Wildlife activists demand FIR against Avni's shooter

Activists have demanded stern action by the forest department against the shooter.

Mumbai: Wildlife activists have demanded that sharpshooter Asghar Ali be booked under the Wildlife Act for violating laws while shooting the tigress Avni. The National Tiger Conservation Authority (NTCA) report mentions that the shooting of T1 tigress was not an act of self-defence and that the darting process was illegal as it was used in the absence of a vet. Activists have demanded stern action by the forest department against the shooter.

“We have been pointing out that the whole process of the operation pertaining to removing Avni from the forest area was flawed. Now that the report has highlighted that the shooting and the darting was illegal, stern action should be taken in the matter,” said Dr. Jerryl Banait, wildlife conservationist who had filed a PIL in the Supreme Court asking for a stay on the shoot-at-sight order for Avni.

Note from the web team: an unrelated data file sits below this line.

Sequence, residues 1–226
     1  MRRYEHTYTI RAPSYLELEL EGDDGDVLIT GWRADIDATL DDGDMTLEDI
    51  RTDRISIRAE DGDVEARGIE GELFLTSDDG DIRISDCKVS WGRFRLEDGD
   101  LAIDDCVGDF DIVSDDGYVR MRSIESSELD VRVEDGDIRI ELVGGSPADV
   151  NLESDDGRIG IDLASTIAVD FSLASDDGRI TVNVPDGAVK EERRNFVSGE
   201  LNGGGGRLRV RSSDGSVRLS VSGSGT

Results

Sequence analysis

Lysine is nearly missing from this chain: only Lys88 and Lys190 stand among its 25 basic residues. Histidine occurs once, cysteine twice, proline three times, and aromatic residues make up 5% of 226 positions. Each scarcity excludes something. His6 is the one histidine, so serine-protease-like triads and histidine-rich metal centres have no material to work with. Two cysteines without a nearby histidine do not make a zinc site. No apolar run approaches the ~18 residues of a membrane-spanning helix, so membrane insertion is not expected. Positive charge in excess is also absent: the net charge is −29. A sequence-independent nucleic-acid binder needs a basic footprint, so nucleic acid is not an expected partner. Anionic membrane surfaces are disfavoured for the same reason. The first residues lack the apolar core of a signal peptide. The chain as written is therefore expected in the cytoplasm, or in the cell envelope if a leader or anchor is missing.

The report stated that the darting of T1 by Mukbhir Sheikh was unauthorised, as he was authorised only to identify T1 or her cubs. The dart fired by Sheikh to immobilise T1 was prepared by Dr Kadu on October 31 at 2 pm but was used after lapse of approximately 56 hours on November 2 at 11pm. Dr Kadu had advised Mukhbir to use the dart in his presence and within 24 hours. “Neither Mukhbir or Asghar, whose primary duty was to carry out efforts to tranquilise and capture T-1, cared for the expert’s advice,” read the report. It also highlighted the fact that the dart was fired from approximately 12.8 meters distance when T1 was on its natural path, crossing the road, probably moving towards a nallah.

T1 continued moving even after darting on her natural path while snarling and growling at the team probably because of disturbance due to the dart, the moving vehicle and the spotlight. Within 3-5 seconds, Khan took one of the guns and shot T1 from the moving vehicle. “The T1 was stunned by the impact and died on the spot. In view of the facts, the firing in self-defence is doubtful,” read the report.

Wildlife activists will be moving the high court on the matter alleging lack of action on the rescue operation of the cubs of tigress and the illegal shooting of the tigress. The NTCA has given the state forest department 15 days time to respond.

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